This includes scenery, models, locomotives and building materials.
- Reynaulds: They offer G scale model trains with the best quality among manufacturers in the world. You can find nearly any item you need whether it’s the G scale locomotives themselves or items for the layout. If you are a new hobby train modeller and you want to make your first G scale train layout, this company is one of your best options.
Which manufacturer to choose
You can find different products from different manufacturers and mix them all together in your model to make something amazing. You don’t have to work with only one manufacturer.
Make a list of the things you want to buy to make sure you don’t miss anything. Make sure you check with different companies for generic items to see who has the best and most cost-friendly. The best choice is when you purchase good quality that is also budget friendly. If you don’t have a budget limitation then you can just focus on the best quality.
Why G scale is great for outdoor use
The best reason to use G Scale for outdoor use is its size. That goes without saying. But because of this, it also means that manufacturers have spent the last 50+ years with G scale in mind for outdoor use. So they’ve had plenty of time to make not only the locomotives but also all the tracks, scenery and supplies weatherproof and ready to go.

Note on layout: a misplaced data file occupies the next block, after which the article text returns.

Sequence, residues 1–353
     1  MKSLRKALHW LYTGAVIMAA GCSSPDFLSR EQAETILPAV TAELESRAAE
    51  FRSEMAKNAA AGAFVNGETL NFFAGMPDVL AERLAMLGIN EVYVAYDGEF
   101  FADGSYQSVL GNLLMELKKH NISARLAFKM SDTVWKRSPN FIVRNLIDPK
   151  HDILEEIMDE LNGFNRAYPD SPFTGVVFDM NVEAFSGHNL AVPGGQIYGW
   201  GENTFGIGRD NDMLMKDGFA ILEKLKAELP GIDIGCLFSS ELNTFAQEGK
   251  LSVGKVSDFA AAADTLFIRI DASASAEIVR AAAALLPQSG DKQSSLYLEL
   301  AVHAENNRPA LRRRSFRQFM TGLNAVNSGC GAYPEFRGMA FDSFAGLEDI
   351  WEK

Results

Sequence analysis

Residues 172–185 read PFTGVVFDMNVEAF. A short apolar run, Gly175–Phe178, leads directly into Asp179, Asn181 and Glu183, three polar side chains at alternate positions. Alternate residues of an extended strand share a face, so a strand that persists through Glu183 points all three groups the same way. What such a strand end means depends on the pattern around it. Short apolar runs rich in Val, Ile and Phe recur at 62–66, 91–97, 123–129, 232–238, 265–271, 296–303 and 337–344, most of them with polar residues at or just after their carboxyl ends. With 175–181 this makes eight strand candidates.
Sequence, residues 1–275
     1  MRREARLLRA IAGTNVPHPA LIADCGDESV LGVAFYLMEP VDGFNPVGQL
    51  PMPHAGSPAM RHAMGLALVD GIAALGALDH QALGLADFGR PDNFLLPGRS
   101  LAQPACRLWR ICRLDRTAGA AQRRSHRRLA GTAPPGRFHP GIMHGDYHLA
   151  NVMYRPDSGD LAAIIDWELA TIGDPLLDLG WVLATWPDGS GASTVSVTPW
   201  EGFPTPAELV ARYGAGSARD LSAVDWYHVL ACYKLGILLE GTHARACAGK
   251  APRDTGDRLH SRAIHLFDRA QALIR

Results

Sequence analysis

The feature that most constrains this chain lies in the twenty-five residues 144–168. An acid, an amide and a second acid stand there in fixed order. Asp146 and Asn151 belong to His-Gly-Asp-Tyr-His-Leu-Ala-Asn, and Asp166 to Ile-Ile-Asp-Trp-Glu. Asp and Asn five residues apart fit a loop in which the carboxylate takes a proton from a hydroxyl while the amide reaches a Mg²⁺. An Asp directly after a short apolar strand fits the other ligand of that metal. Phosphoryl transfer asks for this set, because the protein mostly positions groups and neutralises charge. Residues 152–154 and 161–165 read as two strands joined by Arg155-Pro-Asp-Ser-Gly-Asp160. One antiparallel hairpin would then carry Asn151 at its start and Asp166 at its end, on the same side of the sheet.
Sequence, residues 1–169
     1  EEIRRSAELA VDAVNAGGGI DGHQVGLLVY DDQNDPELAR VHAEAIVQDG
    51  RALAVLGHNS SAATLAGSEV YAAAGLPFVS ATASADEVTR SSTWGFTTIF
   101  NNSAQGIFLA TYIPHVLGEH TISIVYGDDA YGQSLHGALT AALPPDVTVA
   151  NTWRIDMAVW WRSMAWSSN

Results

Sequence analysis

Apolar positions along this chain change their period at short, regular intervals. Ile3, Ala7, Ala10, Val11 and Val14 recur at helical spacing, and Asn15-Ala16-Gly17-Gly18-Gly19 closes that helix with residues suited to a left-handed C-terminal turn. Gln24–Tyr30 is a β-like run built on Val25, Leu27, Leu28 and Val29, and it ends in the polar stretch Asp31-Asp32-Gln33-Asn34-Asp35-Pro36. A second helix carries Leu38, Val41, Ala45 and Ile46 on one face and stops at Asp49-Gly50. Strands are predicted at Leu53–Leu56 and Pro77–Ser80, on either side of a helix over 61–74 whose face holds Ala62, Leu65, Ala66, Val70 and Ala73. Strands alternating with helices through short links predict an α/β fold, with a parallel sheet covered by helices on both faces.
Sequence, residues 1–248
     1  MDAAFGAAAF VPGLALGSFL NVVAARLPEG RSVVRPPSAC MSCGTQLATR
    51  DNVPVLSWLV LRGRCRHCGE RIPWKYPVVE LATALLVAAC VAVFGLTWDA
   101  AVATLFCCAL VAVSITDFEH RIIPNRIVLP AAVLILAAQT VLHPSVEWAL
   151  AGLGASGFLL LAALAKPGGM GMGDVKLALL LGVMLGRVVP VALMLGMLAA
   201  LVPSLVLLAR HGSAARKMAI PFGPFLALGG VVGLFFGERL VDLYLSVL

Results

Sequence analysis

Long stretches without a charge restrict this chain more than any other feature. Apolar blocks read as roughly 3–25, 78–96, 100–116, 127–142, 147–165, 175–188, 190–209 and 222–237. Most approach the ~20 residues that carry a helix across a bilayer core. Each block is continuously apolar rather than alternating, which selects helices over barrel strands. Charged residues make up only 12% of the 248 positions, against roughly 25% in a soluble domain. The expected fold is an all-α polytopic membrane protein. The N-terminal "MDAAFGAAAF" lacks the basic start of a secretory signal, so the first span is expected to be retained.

If you own a lot of scale model trains, the scale you are going to use will be according to the space you can provide for them. So if you’ve got a nice outdoor area that you think will work, it would be a great time to start thinking about a G scale model train layout!
Check out our post here to learn more about other scales of model trains!
Or this one if you wan’t to jump straight into the best brands of model trains!
Peter has been building model trains for longer than he can remember. An avid fan of HO and O scale this blog is a creative outlet to allow him to dive further into other scales and aspects of the model train community and hobby.